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From leosu...@apache.org
Subject cvs commit: jakarta-avalon-excalibur/microcontainer/src/etc overview.html
Date Thu, 27 Jun 2002 09:46:06 GMT
leosutic    2002/06/27 02:46:06

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  Revision  Changes    Path
  1.1                  jakarta-avalon-excalibur/microcontainer/src/etc/overview.html
  
  Index: overview.html
  ===================================================================
  <body> 
      <p>MicroContainer - a container designed to work in any environment and with
      a minimum of committment to Avalon architecture. </p>
      
      <h3>Overview / Purpose</h3>
      
      <p>One of the barriers of entry to Avalon is the fact that you are buying
      into an entire architecture. Instead of just getting a set of classes
      that you can use as you were used to, you get a set of Avalon Components
      that must be put in a container and managed. Often this involves XML config
      files and other niceties that, while providing amazing flexibility, makes
      it difficult to lure unsuspecting developers into Avalon. We lose the "first
      component is for free" / "I can see that you're special, so I got something
      special for you" opportunity.</p>
      
      <p>Stefano mentioned that several potential new users of Avalon had tried to
      start a component by doing:</p>
      
      <pre><code>
      ComponentInterface comp = new ComponentImpl ();        
      </code></pre>
      
      <p>and then nothing more, because that was what they were familiar with.</p>
      
      <p>The purpose of Avalon Microcontainer is to make something that is as
      close as possible to the above possible. Specifically:</p>
      
      <ul>
          <li><p>Components should be able to be used with the Microcontainer
without any 
          XML and any config files.</p></li>
          <li><p>All configuration is handled programmatically.</p></li>
          <li><p>As far as possible, usage of components should follow standard
Java idioms.</p></li>
      </ul>
      
      <h3>Basic Idea</h3>
      
      <p>Define a container that holds <b>one</b> component. Yep, that's
right, one single 
      component for each container. Solve composition by linking these one-component
      containers together.
      Solve usage of components by letting the container expose the component's
      interface. This may seem difficult to understand, but see the case study below
      to see how I reached the currect way of doing it.</p>
      
      <h4>Rationale Behind the Idea</h4>
      
      <p>The case I'm looking at has two components, the Supplier and the Composer.</p>
      
      <p>Their interfaces are defined in Supplier.java and Composer.java, respectively,
      and their implementations are in SupplierImpl.java and ComposerImpl.java.</p>
      
      <p>Let me list some issues:</p>
      
      <ul>
          <li><p>
          ComposerImpl accesses the Supplier via a ComponentManager interface. It
          uses lookup("supplier") to get the Supplier.
          </p></li>
          <li><p>
          ComposerImpl may require more than one Supplier during each transaction.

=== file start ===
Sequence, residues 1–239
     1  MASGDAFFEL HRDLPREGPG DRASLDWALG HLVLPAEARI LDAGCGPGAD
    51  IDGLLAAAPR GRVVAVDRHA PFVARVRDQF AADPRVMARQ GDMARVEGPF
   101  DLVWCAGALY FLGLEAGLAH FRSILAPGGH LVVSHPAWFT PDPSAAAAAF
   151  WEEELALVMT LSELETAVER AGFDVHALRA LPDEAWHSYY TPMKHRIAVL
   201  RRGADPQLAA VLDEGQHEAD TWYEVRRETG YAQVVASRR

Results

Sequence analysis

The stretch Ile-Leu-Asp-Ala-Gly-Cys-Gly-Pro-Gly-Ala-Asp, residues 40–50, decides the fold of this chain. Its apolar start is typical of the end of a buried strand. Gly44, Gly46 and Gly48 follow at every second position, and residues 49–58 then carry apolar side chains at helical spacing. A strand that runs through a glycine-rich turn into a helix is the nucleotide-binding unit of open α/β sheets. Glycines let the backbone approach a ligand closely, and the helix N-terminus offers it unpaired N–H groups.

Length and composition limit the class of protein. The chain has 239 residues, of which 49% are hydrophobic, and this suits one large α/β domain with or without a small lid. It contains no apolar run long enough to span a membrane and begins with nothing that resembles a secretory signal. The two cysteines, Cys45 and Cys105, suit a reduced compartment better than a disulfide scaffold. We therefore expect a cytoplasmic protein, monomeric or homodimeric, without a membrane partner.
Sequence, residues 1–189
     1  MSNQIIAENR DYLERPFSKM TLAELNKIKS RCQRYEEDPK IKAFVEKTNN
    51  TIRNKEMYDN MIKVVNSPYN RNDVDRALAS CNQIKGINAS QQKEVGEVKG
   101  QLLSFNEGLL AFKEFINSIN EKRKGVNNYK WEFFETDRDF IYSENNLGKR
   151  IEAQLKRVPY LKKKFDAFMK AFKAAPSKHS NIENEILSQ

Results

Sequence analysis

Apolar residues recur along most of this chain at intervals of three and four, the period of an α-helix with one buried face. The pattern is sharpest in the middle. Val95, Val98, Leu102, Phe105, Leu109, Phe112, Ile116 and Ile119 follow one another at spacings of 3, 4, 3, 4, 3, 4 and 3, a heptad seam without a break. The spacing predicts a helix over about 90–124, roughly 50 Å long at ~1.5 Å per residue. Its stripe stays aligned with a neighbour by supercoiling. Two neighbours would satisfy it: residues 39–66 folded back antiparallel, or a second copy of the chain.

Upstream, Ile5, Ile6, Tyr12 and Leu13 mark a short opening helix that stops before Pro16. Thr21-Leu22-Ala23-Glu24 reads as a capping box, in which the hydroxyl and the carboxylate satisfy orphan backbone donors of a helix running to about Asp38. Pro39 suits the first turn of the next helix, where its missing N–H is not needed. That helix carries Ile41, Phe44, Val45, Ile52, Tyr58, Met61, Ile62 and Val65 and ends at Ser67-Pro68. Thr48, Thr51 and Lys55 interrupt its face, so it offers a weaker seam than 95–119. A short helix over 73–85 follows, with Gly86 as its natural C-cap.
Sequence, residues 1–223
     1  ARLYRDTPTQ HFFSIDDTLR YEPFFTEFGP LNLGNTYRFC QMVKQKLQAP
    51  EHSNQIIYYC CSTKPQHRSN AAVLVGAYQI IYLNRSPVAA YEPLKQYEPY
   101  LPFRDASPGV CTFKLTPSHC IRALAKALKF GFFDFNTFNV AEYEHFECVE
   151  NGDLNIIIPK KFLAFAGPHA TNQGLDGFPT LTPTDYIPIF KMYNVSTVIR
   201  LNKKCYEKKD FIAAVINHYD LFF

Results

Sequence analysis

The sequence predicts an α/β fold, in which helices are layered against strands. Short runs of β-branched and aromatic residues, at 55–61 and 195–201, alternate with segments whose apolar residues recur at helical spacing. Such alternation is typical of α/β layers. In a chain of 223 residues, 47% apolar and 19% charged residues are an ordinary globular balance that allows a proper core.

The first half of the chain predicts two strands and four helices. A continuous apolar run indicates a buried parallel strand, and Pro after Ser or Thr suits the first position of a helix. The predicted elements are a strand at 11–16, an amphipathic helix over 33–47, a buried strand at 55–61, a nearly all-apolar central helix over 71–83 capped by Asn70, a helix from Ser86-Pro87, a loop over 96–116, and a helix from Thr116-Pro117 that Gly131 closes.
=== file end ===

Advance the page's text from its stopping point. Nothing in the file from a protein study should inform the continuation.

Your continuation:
</p></li>
          <li><p>
          SupplierImpl may or may not be threadsafe.
          </p></li>
          <li><p>
          The user may want to access Supplier directly.
          </p></li>
          <li><p>
          The user definitely wants to access Composer directly.
          </p></li>
      </ul>
      
      <p>
      So we have a component, ComposerImpl, that needs a Supplier. Had this been
      straight Java, we would expect to do something like this:
      </p>
      
      <pre><code>
      ...
      
      SupplierImpl supplier = new SupplierImpl();
      ComposerImpl composer = new ComposerImpl(supplier);
      
      supplier.someMethod();
      composer.someMethod();
      
      ...
      </code></pre>
      
      <p>So let's introduce an ObjectFactory class for construction:</p>
      
      <pre><code>
      ...
      
      Supplier supplier = (Supplier) ObjectFactory.newInstance( 
                                         SupplierImpl.class 
                                     );
      
      // Pass the supplier in with role "supplier"
      Composer composer = (Composer) ObjectFactory.newInstance( 
                                         ComposerImpl.class, 
                                         new Role[]{ new Role("supplier", supplier) }
                                     );
      
      supplier.someMethod();
      composer.someMethod();
      
      ...
      </code></pre>
      
      <p>But now we have a problem. Even though we do give ComposerImpl a Supplier
      with the correct role name, we have forgotten that ComposerImpl may do
      *several* lookups on "supplier", and that SupplierImpl may not be
      reusable. As it looks now, ComposerImpl will get the same instance of
      SupplierImpl all the time, and that may not work.</p>
      
      <p>So let's introduce a ObjectFactoryFactory. Give it a component implementation
      class and it will produce a factory that you can use to create new components.
      Then we pass *that* one to ComposerImpl (hidden behind a ComponentManager
      interface) and we're done, right?</p>
      
      <pre><code>
      ...
      
      ObjectFactory supplierFactory = ObjectFactoryFactory.newInstance( 
                                          SupplierImpl.class